Tuesday, October 27, 2009

A bit of Information about Slovakia - Summer 2002

My name is Petya and I'm from Bulgaria. I came to the UK to work at Concordia as a medium term volunteer for six months. I also participated in one of the UK projects in Seaford as a co-ordinator and I will participate in one more, which is in Brighton. I've had a great time here in the UK and for me this kind of work is very interesting and gives you opportunities to learn more about different cultures, to travel, to know how to deal with different situations and people.

In my country we also organise a lot of interesting projects, so if you want to have an exciting holiday and in the same time to do something useful you should think about Bulgaria. It is a very beautiful country with a lot of mountains, which offer excellent skiing terrain, and a big part of the Black Sea coasts if you like hot weather and lovely golden sands.

The geographical situation is very interesting; the country is like a crossroad for the Balkan Peninsula. Serbia lies to the West and Macedonia to the Southwest. Greece and Turkey share the southern border, Black Sea is at the East and river Danube is the natural border with Romania on the North.

The country has a Mediterranean climate and the weather is warm for most of the year, but it also can be very cold in the winter especially in the mountains.

Bulgaria has a very old history; it is more of an ancient Slavic nation than Russia. The country was something like a cradle of civilisation and it is national pride that the Cyrillic alphabet which Bulgarian people use has its origins in Bulgaria and should have been exported to Russia and Ukraine.

Bulgarian people are famous with their incredible sense of humour and hospitality. Even in tourist areas curiosity about foreigners is considerable.

Bulgaria has many different and very interesting folk music and customs. In the Rodopi Mountains you can see people playing on pipe as they do it in Scotland and it is very typical for this region. In the middle part of the country, where Sredna Gora is situated there is very interesting custom to dance over embers. It is very beautiful and picturesque to see.

In March there is one special tradition in Bulgaria – all over the country people make a kind of ornaments from white and red strings - a man figure (in white) and woman figure (in red). They are called Pijo and Penda and the whole ornament is called 'martenitca', which comes from Mart - the Bulgarian word for March. It brings health and happiness and people give them to their friends and family.

Curious to know is that Bulgarian people has opposite way for head movements for yes and no, they move their heads from side to side to signify ‘yes’ and up and down for ‘no’.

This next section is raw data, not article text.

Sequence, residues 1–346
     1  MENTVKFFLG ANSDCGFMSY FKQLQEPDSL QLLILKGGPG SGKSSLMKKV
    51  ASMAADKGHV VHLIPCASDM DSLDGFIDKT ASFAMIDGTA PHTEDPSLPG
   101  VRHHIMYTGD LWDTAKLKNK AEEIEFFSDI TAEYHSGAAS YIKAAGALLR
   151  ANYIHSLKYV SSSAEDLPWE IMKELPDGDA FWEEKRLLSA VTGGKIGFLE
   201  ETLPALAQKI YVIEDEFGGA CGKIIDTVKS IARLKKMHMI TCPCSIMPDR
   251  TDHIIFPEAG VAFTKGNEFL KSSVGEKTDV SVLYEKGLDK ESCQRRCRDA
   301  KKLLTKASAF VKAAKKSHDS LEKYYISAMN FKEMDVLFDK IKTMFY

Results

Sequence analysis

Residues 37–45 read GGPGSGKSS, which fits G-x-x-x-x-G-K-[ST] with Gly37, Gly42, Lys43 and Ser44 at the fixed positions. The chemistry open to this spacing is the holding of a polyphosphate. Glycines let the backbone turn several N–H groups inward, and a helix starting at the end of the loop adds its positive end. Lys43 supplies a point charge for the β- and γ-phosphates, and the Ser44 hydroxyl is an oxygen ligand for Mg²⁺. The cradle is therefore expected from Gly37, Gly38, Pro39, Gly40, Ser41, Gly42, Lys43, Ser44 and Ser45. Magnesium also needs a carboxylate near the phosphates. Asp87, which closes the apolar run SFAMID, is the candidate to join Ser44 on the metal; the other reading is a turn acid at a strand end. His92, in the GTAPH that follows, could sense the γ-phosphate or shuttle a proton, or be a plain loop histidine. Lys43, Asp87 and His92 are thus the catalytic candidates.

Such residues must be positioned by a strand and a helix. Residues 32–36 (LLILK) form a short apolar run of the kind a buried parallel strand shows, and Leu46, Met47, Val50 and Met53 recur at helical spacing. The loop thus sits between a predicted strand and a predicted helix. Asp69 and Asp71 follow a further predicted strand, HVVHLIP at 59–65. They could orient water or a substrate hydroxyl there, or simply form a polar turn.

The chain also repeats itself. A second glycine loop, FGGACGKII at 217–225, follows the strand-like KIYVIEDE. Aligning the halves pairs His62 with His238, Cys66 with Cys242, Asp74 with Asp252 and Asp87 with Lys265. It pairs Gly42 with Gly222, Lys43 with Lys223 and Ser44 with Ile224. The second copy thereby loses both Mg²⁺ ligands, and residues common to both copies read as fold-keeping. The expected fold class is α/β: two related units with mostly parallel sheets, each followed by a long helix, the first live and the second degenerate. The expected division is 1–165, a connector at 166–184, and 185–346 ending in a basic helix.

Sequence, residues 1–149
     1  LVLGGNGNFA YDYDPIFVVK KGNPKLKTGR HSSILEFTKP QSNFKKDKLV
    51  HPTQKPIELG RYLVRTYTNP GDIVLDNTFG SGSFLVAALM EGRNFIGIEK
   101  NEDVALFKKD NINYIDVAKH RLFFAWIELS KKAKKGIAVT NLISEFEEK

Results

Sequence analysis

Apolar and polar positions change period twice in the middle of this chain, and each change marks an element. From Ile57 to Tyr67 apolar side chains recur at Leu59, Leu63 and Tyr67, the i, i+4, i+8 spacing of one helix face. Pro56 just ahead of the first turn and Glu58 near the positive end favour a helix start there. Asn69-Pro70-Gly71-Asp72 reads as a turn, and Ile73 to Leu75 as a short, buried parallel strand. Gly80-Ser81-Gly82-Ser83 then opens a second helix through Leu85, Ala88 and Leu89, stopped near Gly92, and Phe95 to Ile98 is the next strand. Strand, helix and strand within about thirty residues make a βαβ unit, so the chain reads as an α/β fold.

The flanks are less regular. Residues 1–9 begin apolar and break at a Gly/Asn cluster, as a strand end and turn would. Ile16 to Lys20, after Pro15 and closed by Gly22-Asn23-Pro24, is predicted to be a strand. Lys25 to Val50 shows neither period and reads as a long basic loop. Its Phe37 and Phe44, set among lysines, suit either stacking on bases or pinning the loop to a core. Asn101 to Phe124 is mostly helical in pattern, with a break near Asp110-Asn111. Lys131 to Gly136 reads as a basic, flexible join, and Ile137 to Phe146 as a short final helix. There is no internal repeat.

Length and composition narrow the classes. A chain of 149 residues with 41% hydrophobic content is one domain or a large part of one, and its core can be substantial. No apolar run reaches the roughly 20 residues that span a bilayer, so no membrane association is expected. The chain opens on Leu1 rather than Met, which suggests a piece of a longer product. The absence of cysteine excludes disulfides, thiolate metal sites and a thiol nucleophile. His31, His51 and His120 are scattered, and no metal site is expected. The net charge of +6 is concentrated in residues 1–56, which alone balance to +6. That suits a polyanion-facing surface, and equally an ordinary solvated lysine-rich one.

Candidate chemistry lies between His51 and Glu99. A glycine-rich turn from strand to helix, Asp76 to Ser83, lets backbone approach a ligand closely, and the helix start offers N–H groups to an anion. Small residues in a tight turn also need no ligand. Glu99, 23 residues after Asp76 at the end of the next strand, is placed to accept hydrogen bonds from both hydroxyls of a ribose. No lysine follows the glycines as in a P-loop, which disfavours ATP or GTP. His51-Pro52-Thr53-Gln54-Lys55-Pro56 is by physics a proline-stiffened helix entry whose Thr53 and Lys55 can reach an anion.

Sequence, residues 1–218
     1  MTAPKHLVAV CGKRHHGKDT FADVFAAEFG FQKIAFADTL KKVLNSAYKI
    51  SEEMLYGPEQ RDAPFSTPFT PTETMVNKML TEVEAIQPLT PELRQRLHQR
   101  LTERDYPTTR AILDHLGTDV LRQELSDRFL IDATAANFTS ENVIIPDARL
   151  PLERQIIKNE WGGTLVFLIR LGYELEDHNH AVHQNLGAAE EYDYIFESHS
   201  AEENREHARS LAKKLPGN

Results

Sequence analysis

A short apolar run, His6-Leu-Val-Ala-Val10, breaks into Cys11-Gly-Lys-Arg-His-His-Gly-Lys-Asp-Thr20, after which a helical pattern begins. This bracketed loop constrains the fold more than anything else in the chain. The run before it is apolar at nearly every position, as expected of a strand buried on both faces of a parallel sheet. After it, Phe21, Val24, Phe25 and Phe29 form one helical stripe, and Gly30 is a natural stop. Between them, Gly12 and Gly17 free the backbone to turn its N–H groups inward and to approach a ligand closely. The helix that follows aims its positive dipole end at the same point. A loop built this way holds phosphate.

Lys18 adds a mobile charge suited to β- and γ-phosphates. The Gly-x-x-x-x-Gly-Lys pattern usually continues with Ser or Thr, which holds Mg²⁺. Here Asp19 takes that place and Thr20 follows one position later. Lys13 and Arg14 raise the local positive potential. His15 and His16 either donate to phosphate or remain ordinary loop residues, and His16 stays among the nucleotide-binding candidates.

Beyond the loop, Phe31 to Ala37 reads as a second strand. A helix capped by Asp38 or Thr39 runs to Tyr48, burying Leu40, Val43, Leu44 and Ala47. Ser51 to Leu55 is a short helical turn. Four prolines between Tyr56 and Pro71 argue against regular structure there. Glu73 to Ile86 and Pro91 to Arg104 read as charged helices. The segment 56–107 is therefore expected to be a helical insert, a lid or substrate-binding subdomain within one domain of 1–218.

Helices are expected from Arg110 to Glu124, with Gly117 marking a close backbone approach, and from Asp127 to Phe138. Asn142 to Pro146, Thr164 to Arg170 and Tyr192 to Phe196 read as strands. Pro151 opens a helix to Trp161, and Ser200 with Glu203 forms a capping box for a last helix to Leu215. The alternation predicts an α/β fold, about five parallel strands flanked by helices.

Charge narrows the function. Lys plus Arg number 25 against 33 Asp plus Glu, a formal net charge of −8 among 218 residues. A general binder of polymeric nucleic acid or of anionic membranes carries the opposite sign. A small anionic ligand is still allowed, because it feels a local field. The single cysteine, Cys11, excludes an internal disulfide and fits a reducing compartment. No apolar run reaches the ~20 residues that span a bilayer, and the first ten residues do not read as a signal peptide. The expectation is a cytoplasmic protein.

Bulgaria is moving fast from the previous communist politic situation to a new democratic future. Soon the country will be a member of The European Community and will continue developing easier and faster.

Viktor, a volunteer from INEX Slovakia, who has also co-ordinated our Peak National Park project this year, explains why Slovakia is an appealing destination for all bear - or maybe beer(!) - lovers

First of all, please, forget Yugoslavia!!! Although Slovenia sounds similar, it’s not what I am writing about. Slovakia (or Slovak Republic) is a former sister country of the Czech Republic and those two countries are still very close to each other: common history, similar languages (in Slovakia you might get by with your Czech...) and the love for the beer (where else can you buy a pint for 20 p???)

Slovakia is very favourable for hikers and “nature-lovers" as there are all kinds of landscape ranging from green plains near the river Danube to the exposed peaks of 2500 metres high Tatra mountains. INEX Slovakia is running more than 20 workcamps all around the country, so everybody can find a niche for him/herself. If you do like wine, there is a workcamp in a small village in the middle of the vineyards near the Hungarian boarders, but in case you prefer more action, you might come across a bear (and plenty of beer too....) in the surroundings of the Lom/ Cierny Balog workcamp campsite in mountainous Central Slovakia. Last year I was co-ordinating the latter project and it was a really extraordinary event for everybody. Imagine being daily driven to the worksite by a small forest railway, taking a bath in a fresh stream or cooking in an old military field kitchen....just amazing.

If you feel more like being “urban-type“ you should definitely come and see Bratislava , the capital, where the INEX ‘s office is based ( sorry , but no workcamps run here....). Visiting its two castles, historic centre and experiencing the pedestrian zone atmosphere with plenty of cafes and beer cellars is what you shouldn’ t miss. Besides calling in our office, of course....

Click here for a country profile on Slovakia

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